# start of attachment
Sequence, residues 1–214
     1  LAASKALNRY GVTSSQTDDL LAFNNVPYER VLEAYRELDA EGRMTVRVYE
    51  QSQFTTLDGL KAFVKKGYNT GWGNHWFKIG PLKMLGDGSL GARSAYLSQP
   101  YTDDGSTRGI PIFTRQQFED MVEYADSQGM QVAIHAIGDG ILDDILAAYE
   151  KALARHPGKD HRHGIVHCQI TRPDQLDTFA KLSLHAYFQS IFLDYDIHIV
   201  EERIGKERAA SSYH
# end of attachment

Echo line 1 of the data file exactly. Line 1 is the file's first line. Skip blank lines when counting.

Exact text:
Sequence, residues 1–214